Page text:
Today’s post will tackle VMware VCSA – IP Address Change. One day you may need to change IP address of your VCSA. VMware vCenter server is a core component of an infrastructure and changing IP address is something quite rare especially when you plan ahead. But there can be several scenarios why this is necessary sometimes. Things like migrations sometimes go wrong and you just have to use another IP address for your vCenter during the migration phase and then change it to the one you want.
The dependencies might be a pain as usually backup/monitoring or replication software uses that information and also your ESXi hosts might look disconnected through a vSphere client. So if you change an IP address of your vCenter server or VCSA, you’ll have to not only make sure that all your monitoring/backup/replication software is re-configured but also, you have to make sure that your ESXi hosts “sees” the new vCenter server.
Additionally, when deploying VCSA, you should make sure that you assign a FQDN and not IP address to your VCSA’s System Name (hostname). If you don’t, you’ll see below that you’ll be unable to change IP address of your VCSA in this case.
So we should verify this first. Let’s do it. We need to go and open vSphere web client:
Then System Configuration > click Nodes > Select nodes and click Manage tab > then Select Networking > Edit > Expand DNS
The VMware documentation page says that:
To change the IP address of the appliance, verify that the system name of the appliance is an FQDN. If, during the deployment of the appliance, you set an IP address as a system name, you cannot change the IP address after the deployment, because the system name is used as a primary network identifier.
So in our case it’s ok. …
Click OK to save the edits.
So we can then easily change the IP address (in our case for testing purposes we set the IP address to 10.10.7.10).
Next, you should also create static DNS record on Forward lookup zones, on your DNS server and delete the one which is obsolete. Make sure that you also do the same on the reverse lookup zones. Restart the DNS service to clean the caches….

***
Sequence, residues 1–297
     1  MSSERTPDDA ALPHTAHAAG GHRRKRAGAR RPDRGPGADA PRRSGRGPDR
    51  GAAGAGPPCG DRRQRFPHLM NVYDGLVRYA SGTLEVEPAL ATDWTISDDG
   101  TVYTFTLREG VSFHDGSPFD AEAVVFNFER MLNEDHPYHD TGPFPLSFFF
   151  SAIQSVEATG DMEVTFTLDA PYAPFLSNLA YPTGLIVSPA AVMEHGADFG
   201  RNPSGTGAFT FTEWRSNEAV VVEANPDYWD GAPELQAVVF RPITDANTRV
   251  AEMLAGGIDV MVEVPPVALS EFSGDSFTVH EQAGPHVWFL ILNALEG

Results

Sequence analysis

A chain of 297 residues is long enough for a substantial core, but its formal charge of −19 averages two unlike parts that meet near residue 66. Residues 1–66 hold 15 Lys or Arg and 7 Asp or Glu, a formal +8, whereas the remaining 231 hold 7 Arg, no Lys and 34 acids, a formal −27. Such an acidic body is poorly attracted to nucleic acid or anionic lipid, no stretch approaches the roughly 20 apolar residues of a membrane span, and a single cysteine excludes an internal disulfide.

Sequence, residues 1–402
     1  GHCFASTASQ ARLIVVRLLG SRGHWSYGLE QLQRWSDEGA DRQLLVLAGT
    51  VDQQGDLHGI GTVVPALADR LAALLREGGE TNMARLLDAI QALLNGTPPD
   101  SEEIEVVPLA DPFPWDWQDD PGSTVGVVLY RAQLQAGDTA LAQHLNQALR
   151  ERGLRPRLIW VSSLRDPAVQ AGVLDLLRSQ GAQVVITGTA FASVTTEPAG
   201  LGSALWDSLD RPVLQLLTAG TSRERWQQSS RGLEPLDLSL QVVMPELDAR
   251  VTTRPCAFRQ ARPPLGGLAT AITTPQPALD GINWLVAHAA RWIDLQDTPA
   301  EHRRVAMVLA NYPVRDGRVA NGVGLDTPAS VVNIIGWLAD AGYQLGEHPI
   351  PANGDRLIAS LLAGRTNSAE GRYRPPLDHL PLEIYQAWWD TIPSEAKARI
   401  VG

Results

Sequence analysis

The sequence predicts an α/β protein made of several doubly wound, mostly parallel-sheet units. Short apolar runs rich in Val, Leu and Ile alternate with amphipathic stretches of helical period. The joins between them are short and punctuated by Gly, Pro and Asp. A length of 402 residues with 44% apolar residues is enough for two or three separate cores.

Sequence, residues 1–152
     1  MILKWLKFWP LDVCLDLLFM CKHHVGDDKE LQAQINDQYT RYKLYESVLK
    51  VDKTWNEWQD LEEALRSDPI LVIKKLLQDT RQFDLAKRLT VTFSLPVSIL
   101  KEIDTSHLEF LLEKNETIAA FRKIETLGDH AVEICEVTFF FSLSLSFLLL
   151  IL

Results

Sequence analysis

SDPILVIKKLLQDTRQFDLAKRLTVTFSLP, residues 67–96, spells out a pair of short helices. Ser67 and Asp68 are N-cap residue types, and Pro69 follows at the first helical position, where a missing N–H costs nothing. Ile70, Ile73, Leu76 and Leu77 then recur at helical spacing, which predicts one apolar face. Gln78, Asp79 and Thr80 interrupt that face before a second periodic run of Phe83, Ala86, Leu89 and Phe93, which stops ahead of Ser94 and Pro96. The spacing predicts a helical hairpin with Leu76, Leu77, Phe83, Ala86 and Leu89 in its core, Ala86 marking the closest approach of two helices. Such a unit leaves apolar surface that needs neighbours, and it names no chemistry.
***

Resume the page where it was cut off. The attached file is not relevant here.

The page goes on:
You can verify the change through the DCUI….
In my lab case, I did a reboot of the VCSA too….
You can check that everything is working, try to ping via FQDN. In our case, we used Windows box and CMD prompt with admin privileges. We first had to clear the local DNS cache as the system still tried to reach the old IP address of the VCSA. After doing that we had a response to a ping as expected…
The reboot of the VCSA was quite painful after the IP address change. The vpxd has had a hard time to initialize itself, but at the end, it started correctly. Perhaps it was just one-time issue… Have you done that in a lab? Or in production? Share your thoughts in the comment section below…
The central piece of VMware Infrastructure is a vCenter server. If unreachable, as I said, all the management/backup/migration software has to be re-configured. Additionally, your ESXi hosts might be “grayed out” through a vSphere client. As a solution, you may need to Right click > Disconnect > and then > Connect, or even worse, Remove and Add. Things which aren’t difficult to do, but might lose you some historical data like performance data for virtual machines and the performance data for the hosts as it inform us about it this VMware KB – VMware vCenter Server IP address change causes VMware ESX hosts to disconnect.
Source: VMware Documentation
- How-to Install VMware VCSA
- VMware VCSA – 3 Ways to Activate SSH
- VMware VCSA – How to check running services?
- VMware VCSA – How to Join Domain
- VMware VCSA – IP Address Change – (This Post)
- VMware VCSA – Configure NTP